They have been controlled, contained and precise.
The Tampa Bay Lightning are ruthlessly counter-punching their way toward another Stanley Cup.
Every Montreal Canadiens mistake seems to end up in their net and they’ve just seen their margin for error reduced to zero by falling into an 0-3 hole in the Stanley Cup Final. The Lightning simply look too strong, too unshakeable, too in control.
They hoisted the Cup inside the Edmonton bubble on Sept. 28 and just 280 days later they’ll have a chance to do it again at the Bell Centre when Game 4 is played Monday night.
“Last year, the feeling you have it’s like the first day of school. That’s kind of how that whole year was,” said Lightning coach Jon Cooper. “This year, it almost feels like it’s the last day of school. We don’t know what our team is going to look like next year, if it’ll be together again.
“There’s some crazy circumstances that had to happen for this team to stay together and I know these guys understand that and they know that and they’re well aware of what they can cement to themselves if they can somehow get one more win.
“It’s been unbelievable to be a part of.”
Perhaps that’s come with a laser-like focus. A team that lost a Cup Final plus two Game 7’s in the Eastern Conference Final knows it won’t be this close to the top forever. The opportunities are dwindling.
The story of why this group is one win short of joining the Pittsburgh Penguins as the NHL’s only repeat champions in the last two decades runs deeper than talent. They’ve got superstars, yes, but they’ve unlocked something that allows them to make sure incomplete performances like the one they had in Game 2 of this series aren’t repeated.
On Friday, they marched into a city bubbling over with enthusiasm and anticipation, and pounced on their opponent.
They turned a Canadiens icing and puck-over-the-glass penalty into a 2-0 lead before the game was four minutes old.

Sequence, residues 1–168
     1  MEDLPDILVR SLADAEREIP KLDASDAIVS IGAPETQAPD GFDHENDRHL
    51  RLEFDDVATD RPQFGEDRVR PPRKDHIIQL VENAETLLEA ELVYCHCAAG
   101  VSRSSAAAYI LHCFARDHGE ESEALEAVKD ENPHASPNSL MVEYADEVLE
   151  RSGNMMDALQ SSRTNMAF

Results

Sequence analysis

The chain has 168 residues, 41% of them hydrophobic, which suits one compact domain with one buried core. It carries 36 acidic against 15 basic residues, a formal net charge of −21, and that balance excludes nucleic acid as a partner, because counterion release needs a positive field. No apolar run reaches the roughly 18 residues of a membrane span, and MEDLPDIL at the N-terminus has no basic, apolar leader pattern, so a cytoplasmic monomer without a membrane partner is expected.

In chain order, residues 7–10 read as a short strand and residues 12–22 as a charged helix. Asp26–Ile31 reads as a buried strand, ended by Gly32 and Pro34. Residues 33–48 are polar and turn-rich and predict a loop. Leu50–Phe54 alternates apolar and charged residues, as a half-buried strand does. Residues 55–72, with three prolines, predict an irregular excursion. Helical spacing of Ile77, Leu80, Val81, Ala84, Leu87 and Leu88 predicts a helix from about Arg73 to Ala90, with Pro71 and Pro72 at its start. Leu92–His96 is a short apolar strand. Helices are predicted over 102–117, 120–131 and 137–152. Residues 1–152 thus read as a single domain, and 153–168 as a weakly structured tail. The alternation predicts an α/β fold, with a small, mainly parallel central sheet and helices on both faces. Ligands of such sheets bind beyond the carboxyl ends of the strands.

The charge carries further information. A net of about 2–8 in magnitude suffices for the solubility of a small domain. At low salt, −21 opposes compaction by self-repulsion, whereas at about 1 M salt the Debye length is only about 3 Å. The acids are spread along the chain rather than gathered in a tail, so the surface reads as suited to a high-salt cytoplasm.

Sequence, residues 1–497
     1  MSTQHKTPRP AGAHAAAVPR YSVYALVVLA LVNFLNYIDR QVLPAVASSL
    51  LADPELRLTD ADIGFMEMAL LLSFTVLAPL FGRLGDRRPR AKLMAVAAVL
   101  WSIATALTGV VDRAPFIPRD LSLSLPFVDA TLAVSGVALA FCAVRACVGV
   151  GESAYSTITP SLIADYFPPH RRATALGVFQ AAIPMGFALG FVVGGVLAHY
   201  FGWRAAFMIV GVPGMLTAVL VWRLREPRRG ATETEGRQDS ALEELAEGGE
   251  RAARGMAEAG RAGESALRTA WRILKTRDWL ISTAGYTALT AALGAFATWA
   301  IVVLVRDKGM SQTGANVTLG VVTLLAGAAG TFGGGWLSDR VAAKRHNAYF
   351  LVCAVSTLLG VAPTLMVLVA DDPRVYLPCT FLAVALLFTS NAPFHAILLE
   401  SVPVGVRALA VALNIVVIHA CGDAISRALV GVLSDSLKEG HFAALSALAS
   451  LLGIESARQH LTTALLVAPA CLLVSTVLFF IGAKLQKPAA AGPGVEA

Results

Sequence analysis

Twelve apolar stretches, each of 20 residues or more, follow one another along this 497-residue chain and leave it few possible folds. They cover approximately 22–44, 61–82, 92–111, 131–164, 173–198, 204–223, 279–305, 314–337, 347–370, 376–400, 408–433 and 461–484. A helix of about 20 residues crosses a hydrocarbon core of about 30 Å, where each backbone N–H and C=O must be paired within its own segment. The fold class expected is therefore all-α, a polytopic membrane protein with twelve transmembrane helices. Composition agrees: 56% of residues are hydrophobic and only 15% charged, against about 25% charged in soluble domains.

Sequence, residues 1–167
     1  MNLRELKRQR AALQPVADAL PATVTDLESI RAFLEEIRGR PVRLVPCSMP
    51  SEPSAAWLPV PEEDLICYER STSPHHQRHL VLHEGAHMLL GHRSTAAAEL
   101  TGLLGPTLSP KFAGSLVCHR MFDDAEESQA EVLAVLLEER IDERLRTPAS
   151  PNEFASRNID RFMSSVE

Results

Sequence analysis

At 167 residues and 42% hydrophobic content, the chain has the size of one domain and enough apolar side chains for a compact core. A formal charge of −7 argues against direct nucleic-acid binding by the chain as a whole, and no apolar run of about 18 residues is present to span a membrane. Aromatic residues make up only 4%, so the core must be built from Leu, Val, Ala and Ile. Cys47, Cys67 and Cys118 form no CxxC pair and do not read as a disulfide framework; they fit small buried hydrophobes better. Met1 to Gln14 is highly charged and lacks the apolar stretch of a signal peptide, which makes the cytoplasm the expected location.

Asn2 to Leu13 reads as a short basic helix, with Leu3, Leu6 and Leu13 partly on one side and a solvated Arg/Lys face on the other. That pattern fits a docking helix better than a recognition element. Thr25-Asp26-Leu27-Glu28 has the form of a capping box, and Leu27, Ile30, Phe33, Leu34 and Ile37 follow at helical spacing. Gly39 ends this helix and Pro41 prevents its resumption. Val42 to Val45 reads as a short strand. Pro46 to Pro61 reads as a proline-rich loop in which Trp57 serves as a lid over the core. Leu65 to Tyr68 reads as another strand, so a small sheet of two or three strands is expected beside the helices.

Then they scored two more times in the first 3:33 of the second period on the way to a comfortable 6-3 victory.
They haven’t allowed Montreal to even have a lead yet in this series. The cumulative score is 13-5.
Andrei Vasilevskiy has outperformed Carey Price, Montreal has found no answers for Nikita Kucherov and even players like Jan Rutta and Tyler Johnson are allowing the Lightning to get the better end of the depth battle.
“I know how fun it was last year when we won, so you want to do that again,” said Johnson, who scored twice. “Don’t know how many chances you’re going to get. Any time you get this close, you really feel it. I think winning last year makes you even want to win it more.
“I think everyone kind of feels that way, and we’re really excited.”
At this stage, their victory feels inevitable.
The 1942 Toronto Maple Leafs are the only team in NHL history to erase a 3-0 deficit in the Stanley Cup Final. And the Lightning haven’t lost consecutive playoff games since 2019, let alone dropped four in a row.
Kucherov is basically assured of becoming the first player since Mario Lemieux in 1991 and 1992 to lead the playoffs in scoring for two straight years. He’s up to 32 points after a goal and an assist Friday.
It was his December hip surgery, and subsequent placement on long-term injured reserve, that allowed general manager Julien BriseBois to run it back with only a couple roster losses. That’s what Cooper was referencing when he mentioned roster uncertainty after last year’s six-game Cup Final win over the Dallas Stars.
Stepping back, the success they’re enjoying now is the culmination of a seven-year build where they’ve won more and scored more than any other NHL team. They endured tough losses along the way, none worse than a first-round sweep by the Columbus Blue Jackets in 2019 that prompted a change in approach.
“Let’s be honest: We changed the makeup of our team,” said Cooper. “We did that, we got a little grittier and then the quote-unquote skill guys, they changed their games as well to a winning formula, a winning way to play, sometimes it’s not the flashiest way. And when they started getting rewarded for it they didn’t cheat and say ‘OK, well we’ve done that, that’s fine, let’s go back to the way it was.’ No.
“The individual accolades got pushed to the side. I know it sounds like a cliche, but it’s the truth and they all just pull in the same direction. It’s amazing to listen on the bench for instance like four years ago compared to today in what is being said and how everybody speaks up.”
That set the stage for what we saw Friday night. They were better prepared to handle the moment and take care of business than the Canadiens.
A couple turnovers became goals scored in transition. Their only power play resulted in a big Victor Hedman strike.
And they didn’t ever allow Montreal to get much traction or life.
The Lightning were in control while taking complete control of another championship series. A special moment now awaits a special group.
“It’s been marvellous to watch. And watch this team grow,” said Cooper. “It took us some time, but it’s starting to pay some dividends.”